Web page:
My latest review looks at finalist for this year's Best Translated Book Award, Valeria Luiselli's Faces in the Crowd (translated by Christina MacSweeney). This "haunting, intelligent masterpiece" introduces English readers to a boldly original voice in world literature. Not only does MacSweeney's deft handling of the narrative's braided voices, metafictional layering and inventive use of language signal that this translation is more than deserving of the award. Readers will also find themselves under the spell of the novel's shifting sands, pitching back and forth in time and place, in a narrative which steadily builds to a breathtaking conclusion.
Meet Erasmo Aragón, the anxious, self-deluding and extremely unreliable narrator of Horacio Castellanos Moya's The Dream of My Return (translated from the Spanish by Katherine Silver), which I reviewed recently at The Mookse and the Gripes. Erasmo's torturous attempts to remember his past, all while planning a possibly foolhardy return to his native El Salvador, will leave the reader reeling. A "maddening yet provocative whirlwind" of a psychological novel which unsettles with its explorations into questions of memory, trauma and identity, The Dream of My Return is worth returning to again and again.
As the world reflects upon the outbreak of the First World War a century ago, I recommend viewing one of the standout films set during the war years and immediately following. My review of A Very Long Engagement (Un Long dimanche de finançailles, 2004), the film adaptation of Sébastien Japrisot's novel of the same name, joins other reviews of World War I works at The Mookse and the Gripes. Besides being a favorite film from a favorite director, A Very Long Engagement is remarkable for its scope, its cinematographic style, its performances and, particularly now, as we draw parallels between our present world and the complexities of 1914 Europe, its ability to make the past stirringly real. In short, even if you have already seen the film, it is worth another watch for its continued relevance. Yet it is so much more than a war film: it is, in fact, a timeless account of the battle between hope and despair.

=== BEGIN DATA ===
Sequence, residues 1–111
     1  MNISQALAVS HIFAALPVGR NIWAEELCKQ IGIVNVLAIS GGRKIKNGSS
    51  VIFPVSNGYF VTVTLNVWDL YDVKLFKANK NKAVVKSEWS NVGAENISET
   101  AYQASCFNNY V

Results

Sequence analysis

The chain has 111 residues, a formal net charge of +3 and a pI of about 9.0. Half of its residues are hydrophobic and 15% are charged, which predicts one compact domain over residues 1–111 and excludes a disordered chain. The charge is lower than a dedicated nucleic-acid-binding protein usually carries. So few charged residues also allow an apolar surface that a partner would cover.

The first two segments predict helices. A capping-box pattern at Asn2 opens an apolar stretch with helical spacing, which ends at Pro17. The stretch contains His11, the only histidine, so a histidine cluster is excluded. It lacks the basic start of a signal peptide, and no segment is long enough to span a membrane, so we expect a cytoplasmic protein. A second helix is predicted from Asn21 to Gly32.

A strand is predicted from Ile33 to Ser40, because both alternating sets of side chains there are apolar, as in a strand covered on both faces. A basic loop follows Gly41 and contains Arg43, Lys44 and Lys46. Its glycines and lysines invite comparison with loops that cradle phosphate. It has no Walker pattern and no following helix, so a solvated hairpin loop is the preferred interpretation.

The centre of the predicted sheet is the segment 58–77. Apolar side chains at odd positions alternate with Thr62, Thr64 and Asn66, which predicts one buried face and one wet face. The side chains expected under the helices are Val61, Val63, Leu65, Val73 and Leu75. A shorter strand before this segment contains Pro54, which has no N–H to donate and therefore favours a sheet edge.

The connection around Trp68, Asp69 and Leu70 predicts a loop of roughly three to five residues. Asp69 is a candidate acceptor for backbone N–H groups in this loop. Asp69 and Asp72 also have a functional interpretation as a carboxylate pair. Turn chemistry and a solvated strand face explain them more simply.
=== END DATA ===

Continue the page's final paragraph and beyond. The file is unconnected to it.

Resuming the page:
I believe it is safe to say that Flann O'Brien's novels, in particular At Swim-Two-Birds and The Third Policeman, had a profound influence upon me and my writing. Therefore, I was thrilled to learn that Dalkey Archive had released further O'Brien fare, a collection of short fiction and the unfinished novel Slattery's Sago Saga, published under the title The Short Fiction of Flann O'Brien (ed. by Neil Murphy and Keith Hopper, with translations by Jack Fennell). Hallmarks of O'Brien's singular wit, his trenchant sociopolitical satire and wildly imaginative metafictional layering abound, comprising a poignant and hilarious "postmodern labyrinth" sure to appeal to both die-hard "Flanneurs" and newcomers alike.
This review marks my new role as regular contributor to the blog The Mookse and the Gripes. The book is Barbara Comyns' Who Was Changed and Who Was Dead, a novel so darkly powerful yet "strewn with hidden gems of wry humor and glitter[ing] with flashes of tenderness." I hope you will check out the review - and then read this wonderful book.
Publication announcements, bookish items of note and the occasional literary musing.